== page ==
The handling of the test parts can be critical for some applications. A helium leak detector can measure leaks ranging from very large (0.1 atm.cc/sec) to very small (10-12 atm.cc/sec). Under a pressure differential of one atmosphere, those leak rates are equivalent to a range of hole sizes, from 0.5 to 50 microns in diameter. Handling of the parts is therefore critical, since even a fingerprint could clog a hole just a few microns in diameter.
Although only 2 to 4 percent of total worldwide helium production is used for leak testing, helium supply is often limited and its price has been steadily increasing over the past decade. There are technologies to address this—but that would be a topic for another article!
Nevertheless, proper application of helium during testing will minimize waste, ensure reliable and repeatable results, and help the leak detector function without contamination from background helium. For example, when looking for helium leaking into a part, only a very small amount of helium should be used. For instance, to detect a leak of 1-7 atm.cc/sec, a couple of small bubbles of helium are more than adequate. Spraying more helium is a waste of money and will only increase the amount of background helium the test instrument must deal with.
After each test, the inlet of the leak detector will vent using ambient air “polluted” with helium. This increases the helium concentration in the leak detector and slows down the test cycle. The same can happen when a part is pressurized with helium, and the helium is not properly vented from the test area. Managing the amount of helium in the test area is critical for optimum performance. Other techniques such as venting the leak detector with nitrogen and providing ventilation to the test area can also help address helium background issues.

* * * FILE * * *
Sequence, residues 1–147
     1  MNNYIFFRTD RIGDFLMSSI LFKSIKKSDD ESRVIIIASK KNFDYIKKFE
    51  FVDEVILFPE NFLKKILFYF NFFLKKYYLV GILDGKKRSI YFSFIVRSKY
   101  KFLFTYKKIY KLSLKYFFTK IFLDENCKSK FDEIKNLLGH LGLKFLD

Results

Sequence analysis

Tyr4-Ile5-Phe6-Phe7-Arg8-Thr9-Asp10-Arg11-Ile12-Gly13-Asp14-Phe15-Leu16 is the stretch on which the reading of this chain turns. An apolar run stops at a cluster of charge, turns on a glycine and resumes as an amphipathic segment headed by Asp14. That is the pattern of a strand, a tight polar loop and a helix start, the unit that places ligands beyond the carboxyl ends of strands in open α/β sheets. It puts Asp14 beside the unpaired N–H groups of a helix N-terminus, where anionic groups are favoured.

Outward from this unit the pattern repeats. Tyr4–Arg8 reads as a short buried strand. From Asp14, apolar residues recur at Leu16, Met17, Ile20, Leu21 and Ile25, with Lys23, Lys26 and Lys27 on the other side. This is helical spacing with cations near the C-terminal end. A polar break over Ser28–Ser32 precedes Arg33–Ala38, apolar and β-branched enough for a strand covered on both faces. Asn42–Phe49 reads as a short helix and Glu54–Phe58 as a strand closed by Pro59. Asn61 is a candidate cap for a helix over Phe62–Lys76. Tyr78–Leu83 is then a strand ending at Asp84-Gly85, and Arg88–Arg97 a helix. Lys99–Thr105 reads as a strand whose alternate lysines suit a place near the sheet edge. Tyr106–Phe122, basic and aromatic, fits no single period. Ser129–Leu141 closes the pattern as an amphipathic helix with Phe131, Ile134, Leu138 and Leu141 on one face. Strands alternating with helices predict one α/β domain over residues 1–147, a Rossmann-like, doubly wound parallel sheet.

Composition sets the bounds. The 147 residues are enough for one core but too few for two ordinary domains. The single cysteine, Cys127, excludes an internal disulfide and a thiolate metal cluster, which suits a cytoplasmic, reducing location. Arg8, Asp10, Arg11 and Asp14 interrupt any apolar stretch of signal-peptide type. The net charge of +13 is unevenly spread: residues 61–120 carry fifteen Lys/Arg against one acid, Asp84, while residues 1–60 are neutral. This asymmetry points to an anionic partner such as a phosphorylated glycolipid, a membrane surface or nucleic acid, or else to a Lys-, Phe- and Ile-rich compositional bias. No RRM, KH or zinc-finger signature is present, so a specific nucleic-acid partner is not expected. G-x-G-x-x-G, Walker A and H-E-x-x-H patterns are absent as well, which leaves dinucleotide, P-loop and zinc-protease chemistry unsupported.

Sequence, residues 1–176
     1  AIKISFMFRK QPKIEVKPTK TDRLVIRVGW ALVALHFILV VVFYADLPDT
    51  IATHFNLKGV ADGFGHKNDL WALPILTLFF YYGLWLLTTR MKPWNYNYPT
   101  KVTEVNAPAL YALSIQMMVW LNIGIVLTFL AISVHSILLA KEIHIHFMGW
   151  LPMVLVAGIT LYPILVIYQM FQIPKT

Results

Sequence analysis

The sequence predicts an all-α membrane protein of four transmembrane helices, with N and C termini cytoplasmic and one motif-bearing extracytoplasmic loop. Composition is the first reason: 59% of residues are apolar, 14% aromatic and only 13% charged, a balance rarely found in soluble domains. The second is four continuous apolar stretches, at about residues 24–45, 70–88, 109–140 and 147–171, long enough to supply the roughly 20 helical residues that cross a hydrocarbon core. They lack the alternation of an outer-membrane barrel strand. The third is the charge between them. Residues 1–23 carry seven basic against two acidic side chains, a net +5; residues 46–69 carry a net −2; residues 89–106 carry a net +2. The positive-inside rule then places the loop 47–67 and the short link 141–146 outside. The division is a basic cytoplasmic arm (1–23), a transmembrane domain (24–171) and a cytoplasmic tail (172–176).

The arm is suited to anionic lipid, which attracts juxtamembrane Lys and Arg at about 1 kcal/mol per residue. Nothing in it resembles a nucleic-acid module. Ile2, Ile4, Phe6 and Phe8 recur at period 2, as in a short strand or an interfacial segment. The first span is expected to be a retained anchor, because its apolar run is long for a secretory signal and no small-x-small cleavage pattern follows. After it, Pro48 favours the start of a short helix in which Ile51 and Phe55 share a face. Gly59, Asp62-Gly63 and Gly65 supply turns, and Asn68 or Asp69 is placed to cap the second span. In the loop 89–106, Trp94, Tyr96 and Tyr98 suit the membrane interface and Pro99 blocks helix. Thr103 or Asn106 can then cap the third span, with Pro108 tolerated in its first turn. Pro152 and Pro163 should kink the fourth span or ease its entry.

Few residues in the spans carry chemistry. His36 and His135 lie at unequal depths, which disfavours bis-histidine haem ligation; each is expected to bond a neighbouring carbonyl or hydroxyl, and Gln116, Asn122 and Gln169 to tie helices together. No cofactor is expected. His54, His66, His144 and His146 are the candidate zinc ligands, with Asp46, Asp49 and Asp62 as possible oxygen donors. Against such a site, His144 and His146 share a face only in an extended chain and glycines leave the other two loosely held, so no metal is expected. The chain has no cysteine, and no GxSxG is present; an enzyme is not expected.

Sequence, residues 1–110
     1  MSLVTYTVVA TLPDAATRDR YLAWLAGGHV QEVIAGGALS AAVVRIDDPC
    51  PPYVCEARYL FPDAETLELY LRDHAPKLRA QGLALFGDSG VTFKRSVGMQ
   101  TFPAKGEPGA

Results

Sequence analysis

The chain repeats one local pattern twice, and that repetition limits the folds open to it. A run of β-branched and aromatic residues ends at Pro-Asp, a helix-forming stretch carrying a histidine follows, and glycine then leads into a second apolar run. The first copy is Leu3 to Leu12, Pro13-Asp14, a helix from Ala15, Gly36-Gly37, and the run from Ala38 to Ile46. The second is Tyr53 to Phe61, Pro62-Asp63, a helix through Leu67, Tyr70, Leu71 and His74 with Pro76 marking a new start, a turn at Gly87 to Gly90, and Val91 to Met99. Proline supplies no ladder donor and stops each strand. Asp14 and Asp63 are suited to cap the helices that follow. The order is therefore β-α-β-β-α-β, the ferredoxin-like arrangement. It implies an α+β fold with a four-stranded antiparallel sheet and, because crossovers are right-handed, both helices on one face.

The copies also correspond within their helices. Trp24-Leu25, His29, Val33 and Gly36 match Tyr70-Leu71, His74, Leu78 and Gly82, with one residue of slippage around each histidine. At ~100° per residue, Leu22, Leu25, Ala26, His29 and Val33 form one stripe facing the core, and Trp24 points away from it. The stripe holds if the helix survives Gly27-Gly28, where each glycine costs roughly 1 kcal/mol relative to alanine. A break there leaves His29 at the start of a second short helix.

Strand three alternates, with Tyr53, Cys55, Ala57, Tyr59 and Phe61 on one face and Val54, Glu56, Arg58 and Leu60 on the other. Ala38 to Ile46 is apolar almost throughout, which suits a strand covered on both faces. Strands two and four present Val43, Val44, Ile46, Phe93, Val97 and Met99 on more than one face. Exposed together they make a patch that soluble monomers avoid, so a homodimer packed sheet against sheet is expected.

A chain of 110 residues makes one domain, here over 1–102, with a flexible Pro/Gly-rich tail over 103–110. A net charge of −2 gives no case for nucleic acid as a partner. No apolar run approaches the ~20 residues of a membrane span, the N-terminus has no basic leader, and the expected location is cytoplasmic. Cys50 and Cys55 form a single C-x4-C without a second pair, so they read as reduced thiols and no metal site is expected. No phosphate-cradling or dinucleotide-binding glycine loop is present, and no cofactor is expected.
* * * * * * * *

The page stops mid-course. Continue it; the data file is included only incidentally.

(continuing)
Leak testing parts as fast as possible with a high level of accuracy and repeatability is every engineer’s wish. Selecting the right leak detector is the first step. Implementing the instrument with a well-designed fixture and good leak testing practices is a critical second step.
For more information on leak testing, visit www.assemblymag.com to read these articles: